The finding that fearless dominance was associated with both forms of pride, suggesting that it is neither entirely adaptive nor maladaptive, can be situated within a broader debate surrounding the relevance of largely adaptive traits within conceptualizations of psychopathy. Some authors (e.g., Lynam and Miller, 2012) contend that fearless dominance is merely peripheral to psychopathy and that its near null associations with externalizing behavior and other maladaptive outcomes raise questions concerning its construct validity as a psychopathy subdimension. In contrast, others (e.g., Lilienfeld et al., 2012) contend that fearless dominance captures the superficially normal “mask” of healthy functioning (Cleckley, 1941) that is part-and-parcel of psychopathy. Of course, our findings regarding the correlations of fearless dominance with facets of pride by no means resolve this debate. At the same time, they suggest that fearless dominance, whatever its relevance to psychopathy, appears to display at least some maladaptive correlates, at least concerning arrogance and related elements of malignant pride and narcissism.
Further, self-centered impulsivity was significantly positively associated with hubristic pride, which is consistent with conceptualizations of both constructs as maladaptive (e.g., Carver et al., 2010; Edens and McDermott, 2010), and negatively associated with authentic pride. Taken together, the differential relations of fearless dominance and self-centered impulsivity, on the one hand, with authentic and hubristic pride, on the other, suggest that psychopathic individuals’ self-concept depends on their level of component traits, with individuals with elevated levels of fearless dominance reporting a healthy self-concept and individuals with high levels of self-centered impulsivity being disposed to hubris and malignant self-esteem.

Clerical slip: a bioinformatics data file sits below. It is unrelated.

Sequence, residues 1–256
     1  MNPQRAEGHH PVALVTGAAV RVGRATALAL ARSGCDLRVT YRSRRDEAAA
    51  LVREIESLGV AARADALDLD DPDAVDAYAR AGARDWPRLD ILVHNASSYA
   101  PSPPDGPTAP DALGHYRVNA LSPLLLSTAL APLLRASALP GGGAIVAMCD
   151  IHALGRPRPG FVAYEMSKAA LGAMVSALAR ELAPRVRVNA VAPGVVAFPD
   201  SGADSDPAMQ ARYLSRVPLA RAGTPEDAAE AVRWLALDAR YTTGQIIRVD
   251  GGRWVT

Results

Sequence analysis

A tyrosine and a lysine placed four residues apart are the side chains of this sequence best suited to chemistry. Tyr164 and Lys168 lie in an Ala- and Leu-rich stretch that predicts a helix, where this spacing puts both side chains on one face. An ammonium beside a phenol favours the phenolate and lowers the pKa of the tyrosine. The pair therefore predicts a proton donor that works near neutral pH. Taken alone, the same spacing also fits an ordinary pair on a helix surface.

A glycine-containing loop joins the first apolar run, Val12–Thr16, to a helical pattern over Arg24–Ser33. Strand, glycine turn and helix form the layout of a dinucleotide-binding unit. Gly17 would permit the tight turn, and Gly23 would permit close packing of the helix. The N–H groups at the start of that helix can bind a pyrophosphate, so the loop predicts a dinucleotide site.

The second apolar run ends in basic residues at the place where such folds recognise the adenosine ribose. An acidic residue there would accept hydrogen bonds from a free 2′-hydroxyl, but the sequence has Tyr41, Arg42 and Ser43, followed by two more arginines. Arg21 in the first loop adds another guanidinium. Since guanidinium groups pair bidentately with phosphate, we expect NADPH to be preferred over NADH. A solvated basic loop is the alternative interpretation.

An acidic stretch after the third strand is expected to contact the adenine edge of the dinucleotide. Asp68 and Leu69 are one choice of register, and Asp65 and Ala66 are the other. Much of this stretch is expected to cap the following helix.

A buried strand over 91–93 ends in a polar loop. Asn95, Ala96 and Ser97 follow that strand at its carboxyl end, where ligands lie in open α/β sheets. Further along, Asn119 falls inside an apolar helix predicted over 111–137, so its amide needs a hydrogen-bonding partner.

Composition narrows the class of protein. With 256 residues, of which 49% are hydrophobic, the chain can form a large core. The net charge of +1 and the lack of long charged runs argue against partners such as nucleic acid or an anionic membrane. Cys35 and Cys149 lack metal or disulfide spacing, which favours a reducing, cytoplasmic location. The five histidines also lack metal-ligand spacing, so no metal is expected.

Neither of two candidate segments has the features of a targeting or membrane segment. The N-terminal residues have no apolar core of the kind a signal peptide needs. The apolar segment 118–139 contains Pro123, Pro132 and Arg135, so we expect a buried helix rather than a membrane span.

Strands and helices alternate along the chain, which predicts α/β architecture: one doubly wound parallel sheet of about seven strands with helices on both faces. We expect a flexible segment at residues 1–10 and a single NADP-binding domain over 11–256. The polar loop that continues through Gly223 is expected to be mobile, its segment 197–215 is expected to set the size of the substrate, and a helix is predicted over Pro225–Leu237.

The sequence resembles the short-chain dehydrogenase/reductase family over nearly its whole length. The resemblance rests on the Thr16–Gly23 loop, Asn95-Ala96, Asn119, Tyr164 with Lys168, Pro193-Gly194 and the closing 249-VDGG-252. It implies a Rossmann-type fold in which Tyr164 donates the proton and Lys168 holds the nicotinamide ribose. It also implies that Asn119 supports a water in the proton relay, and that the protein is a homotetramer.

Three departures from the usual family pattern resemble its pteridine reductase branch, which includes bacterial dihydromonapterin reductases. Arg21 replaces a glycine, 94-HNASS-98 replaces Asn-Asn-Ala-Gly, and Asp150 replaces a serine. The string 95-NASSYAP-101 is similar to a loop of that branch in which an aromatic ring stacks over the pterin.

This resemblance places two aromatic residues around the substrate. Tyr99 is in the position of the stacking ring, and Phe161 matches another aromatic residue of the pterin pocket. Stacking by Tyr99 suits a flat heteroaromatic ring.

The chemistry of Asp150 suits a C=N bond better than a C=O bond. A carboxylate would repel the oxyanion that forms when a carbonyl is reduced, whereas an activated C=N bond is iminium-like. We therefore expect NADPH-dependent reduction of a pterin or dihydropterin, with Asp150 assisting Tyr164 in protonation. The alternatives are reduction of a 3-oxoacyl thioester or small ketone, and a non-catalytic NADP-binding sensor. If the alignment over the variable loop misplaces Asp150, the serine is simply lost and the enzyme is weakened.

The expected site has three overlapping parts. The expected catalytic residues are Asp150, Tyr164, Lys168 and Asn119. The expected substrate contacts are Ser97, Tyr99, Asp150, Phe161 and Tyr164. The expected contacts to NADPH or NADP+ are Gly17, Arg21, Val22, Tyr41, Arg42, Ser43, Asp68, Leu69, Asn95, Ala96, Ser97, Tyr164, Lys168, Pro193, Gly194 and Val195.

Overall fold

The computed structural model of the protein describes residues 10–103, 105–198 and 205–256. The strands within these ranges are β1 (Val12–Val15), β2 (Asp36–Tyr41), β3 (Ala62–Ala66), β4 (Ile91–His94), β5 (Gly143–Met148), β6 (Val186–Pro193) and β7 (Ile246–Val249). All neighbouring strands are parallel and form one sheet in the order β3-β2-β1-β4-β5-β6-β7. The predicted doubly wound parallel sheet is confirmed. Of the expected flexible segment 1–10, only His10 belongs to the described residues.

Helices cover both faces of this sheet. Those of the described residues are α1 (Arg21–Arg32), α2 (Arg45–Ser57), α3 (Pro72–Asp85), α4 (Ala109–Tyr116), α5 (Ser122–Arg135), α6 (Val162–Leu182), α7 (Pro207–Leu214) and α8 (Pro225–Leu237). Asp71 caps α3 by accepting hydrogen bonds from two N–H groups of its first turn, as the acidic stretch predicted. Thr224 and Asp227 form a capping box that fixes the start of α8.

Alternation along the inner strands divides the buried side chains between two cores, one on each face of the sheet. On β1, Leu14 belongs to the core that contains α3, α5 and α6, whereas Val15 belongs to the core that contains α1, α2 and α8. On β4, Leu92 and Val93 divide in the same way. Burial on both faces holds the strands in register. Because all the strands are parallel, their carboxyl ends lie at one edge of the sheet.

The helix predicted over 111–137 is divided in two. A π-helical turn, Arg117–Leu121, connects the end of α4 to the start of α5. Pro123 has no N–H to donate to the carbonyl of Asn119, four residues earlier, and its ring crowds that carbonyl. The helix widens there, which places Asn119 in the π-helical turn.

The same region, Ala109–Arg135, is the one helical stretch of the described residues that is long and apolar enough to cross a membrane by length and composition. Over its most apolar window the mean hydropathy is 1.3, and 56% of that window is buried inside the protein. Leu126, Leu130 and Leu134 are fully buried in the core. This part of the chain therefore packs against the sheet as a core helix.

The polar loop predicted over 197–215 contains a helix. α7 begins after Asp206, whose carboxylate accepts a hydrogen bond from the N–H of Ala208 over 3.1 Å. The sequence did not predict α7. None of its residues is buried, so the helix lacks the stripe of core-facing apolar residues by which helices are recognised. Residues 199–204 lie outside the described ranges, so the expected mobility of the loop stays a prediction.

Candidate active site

Lastly, although Lykken’s model was the focus of our primary analyses, in subsidiary analyses, we used path analysis to examine an alternate model that did not incorporate moderation. This model posited that fearless dominance and positive parenting would contribute directly to authentic and/or hubristic pride, which, in turn, would partially or fully mediate the relation between fearless dominance and social behavior. Hence, nested iterations of three overidentified structural models with predictor (i.e., exogenous) variables PPI-R Fearless Dominance and APQ Positive Parenting, the proposed mediators of AHPS Authentic Pride and AHPS Hubristic Pride, and differing criteria (e.g., CAB Antisocial Behavior, MLQ Transformational Leadership, and AFI Heroism) were evaluated using Ωnyx 1.0-972 (von Oertzen et al., 2015) with maximum-likelihood estimation. The Supplementary Materials contain path diagrams of each model, relative magnitudes of path coefficients representing the direct and indirect relations of fearless dominance and positive parenting to the outcome variables when mediated by authentic and hubristic pride, and fit indices for full and reduced (i.e., with authentic and/or hubristic pride’s a and b paths fixed to zero) models. Assuming the posited causal ordering of our variables was sound, results suggested that (a) both fearless dominance and positive parenting mediate antisocial behavior by way of authentic pride (See Supplementary Figure 1); (b) authentic pride and hubristic pride completely mediate the relation between fearless dominance and transformational leadership (positively for authentic pride and negatively for hubristic pride) (See Supplementary Figure 4); and (c) pride appears to be relevant to psychopathy and social behavior given that models adjusted to elide either authentic or hubristic pride resulted in a significant decrement in fit. Nevertheless, given that these models were exploratory (not predicted) and based on cross-sectional data, they should be interpreted with caution pending replication in longitudinal studies.